Why does Turkey's main opposition party keep failing?

September 3, 2018

The latest meeting of the CHP drove a bigger wedge between the CHP leadership and the party’s supporters. If the party cannot find a cure to heal this relationship, it may face a larger intra-party split in the following days.
Chairman of the Republican People's Party (CHP) Kemal Kilicdaroglu makes a speech during his party's group meeting at the Grand National Assembly of Turkey (TBMM) in Ankara, Turkey on May 08, 2018. Anadolu Agency

Although two months have passed since Turkey’s June 24 elections, the main opposition parties are still struggling with intra-party conflicts. Despite all efforts to consolidate leadership before the upcoming local elections, the latest situation reflects that these conflicts will continue to escalate and de-escalate for quite a while. The latest developments in the CHP reflect the fact that the party administration refuses to face reality, which makes it impossible for the party to keep their votes together in the upcoming elections. So, the CHP administration may face a sharper opposition after March 2019.

Last week, the ongoing crisis within the CHP re-surfaced again. The party’s assembly convened in order to evaluate the outcomes of the presidential elections. Surprisingly, the presidential candidate of the party, Muharrem Ince, was not invited to this meeting. In other words, the party discussed reasons behind the failure in the presidential elections without inviting its presidential candidate – the person who, is most likely, to know the reasons behind this failure better than other participants.

Indeed, the agenda of the meeting was shifted to the possible outcomes of the ongoing intra-party opposition and their reflections on the local elections. Kemal Kilicdaroglu – leader of the party – explained the background of their discussions with Ince after the elections. He admitted that he accepted to hand over the chairmanship of the party to Ince after the party’s failure in the parliamentary elections. Nonetheless, he claimed that Ince’s attitude after the elections did not give him any confidence and that he was worried about the possible dissolution of the party within a week had he quitted.

Kilicdaroglu’s statements are in fact contradictory and far from the reality when we look at the background of the latest division within the party. Firstly, Kilicdaroglu did not explain which attitudes of Ince changed his decision to quit the chairmanship. It seems that these attitudes were not only related to Ince’s statements to reporters about a private conversation between the two. If Kilicdaroglu wants to convince supporters of the CHP about his position against Ince, he needs to put more effort in doing so.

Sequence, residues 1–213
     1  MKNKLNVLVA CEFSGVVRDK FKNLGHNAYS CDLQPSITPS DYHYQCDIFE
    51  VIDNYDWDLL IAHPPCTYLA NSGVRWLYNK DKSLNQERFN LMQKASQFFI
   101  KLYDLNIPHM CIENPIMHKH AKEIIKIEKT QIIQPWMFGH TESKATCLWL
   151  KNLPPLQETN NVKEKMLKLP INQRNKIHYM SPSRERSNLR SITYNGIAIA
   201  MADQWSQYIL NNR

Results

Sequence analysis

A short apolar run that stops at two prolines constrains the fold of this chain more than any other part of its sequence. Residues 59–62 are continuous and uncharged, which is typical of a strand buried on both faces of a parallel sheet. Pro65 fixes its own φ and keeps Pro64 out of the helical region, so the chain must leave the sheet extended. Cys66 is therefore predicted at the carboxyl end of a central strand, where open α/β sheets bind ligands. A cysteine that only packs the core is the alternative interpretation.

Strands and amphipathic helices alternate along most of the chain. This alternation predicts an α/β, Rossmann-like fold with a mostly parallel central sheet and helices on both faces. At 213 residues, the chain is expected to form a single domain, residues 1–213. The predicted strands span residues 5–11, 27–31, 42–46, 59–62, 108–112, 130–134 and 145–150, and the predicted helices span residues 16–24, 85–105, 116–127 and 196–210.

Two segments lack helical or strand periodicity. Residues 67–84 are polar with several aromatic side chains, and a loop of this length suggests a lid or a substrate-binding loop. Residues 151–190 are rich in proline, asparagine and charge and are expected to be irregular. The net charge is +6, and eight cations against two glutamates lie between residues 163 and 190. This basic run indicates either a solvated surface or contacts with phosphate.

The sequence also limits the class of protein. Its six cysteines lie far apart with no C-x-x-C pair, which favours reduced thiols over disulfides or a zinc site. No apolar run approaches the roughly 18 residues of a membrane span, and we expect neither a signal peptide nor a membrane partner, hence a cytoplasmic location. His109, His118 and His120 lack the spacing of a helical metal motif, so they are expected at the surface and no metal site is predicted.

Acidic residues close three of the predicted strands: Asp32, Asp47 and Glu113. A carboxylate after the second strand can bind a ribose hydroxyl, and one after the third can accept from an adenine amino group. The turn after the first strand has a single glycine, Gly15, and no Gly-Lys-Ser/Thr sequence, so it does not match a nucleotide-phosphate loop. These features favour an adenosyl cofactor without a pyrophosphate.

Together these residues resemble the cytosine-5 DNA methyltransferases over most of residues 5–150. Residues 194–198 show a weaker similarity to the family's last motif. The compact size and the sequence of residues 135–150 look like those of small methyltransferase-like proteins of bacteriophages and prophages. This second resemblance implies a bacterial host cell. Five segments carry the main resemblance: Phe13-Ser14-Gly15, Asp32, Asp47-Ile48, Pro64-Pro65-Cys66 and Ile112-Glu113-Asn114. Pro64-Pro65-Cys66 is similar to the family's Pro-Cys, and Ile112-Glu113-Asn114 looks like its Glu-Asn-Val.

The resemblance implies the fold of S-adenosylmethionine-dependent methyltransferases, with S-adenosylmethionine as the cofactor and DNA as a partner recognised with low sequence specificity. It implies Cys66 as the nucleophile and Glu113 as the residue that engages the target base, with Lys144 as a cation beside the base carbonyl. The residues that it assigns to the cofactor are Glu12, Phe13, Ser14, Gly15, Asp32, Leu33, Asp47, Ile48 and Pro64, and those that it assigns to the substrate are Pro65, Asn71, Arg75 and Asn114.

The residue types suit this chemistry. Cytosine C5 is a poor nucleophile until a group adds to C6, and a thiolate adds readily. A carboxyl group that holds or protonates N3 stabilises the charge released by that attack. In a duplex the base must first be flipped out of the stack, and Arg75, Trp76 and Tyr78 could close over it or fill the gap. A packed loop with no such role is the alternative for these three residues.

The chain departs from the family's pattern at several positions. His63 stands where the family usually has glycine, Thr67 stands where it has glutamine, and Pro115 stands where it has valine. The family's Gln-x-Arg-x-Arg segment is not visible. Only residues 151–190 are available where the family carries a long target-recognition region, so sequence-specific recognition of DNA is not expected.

Another contradiction with what Kilicdaroglu has been saying is about his stance against leadership change in the party. In his statements at the Party Assembly, Kilicdaroglu accepted his role in the failure of the party during the elections. Even though he accepted to quit the chairmanship, he changed his mind after Ince’s attitudes in the post-election period. However, Kilicdaroglu does not regard leadership change as a necessity to the party’s success. If Kilicdaroglu was really ready for a leadership change, there would be no trouble in finding a suitable candidate. This situation reflects that the issue of leadership change is a win-lose game for Kilicdaroglu against his rival Ince. If it was to be a principal issue, he would meet the requirements of the situation.

Despite his failure in fighting for party chairmanship, Ince is still active in bringing the opposition within the party together. After the meeting of the Party Assembly, Ince refused accusations made by Kilicdaroglu and accused him of lying to the public in order to protect his seat. In addition to Ince, the meeting also cause disappointment among party supporters. A majority of party supporters even announced that they will not go to the polls in the upcoming elections if Kilicdaroglu continues to blame the critical voices  harshly and accuse them of intentionally supporting the AK Party.

The latest meeting of the CHP drove a bigger wedge between the CHP leadership and the party’s supporters. If the party cannot find a cure to heal this relationship, it may face a larger intra-party split in the following days.


Hazal Duran conducted her B.A in the fields of Turkish Language and Literature and International Relations at the TOBB University of Economics and Technology in 2012. She completed her M.A in Modern Turkish Studies at Istanbul Sehir University. While continuing her doctoral studies at Bilkent University, she is currently serving as a Researcher at the SETA Ankara Directorate of Political Studies.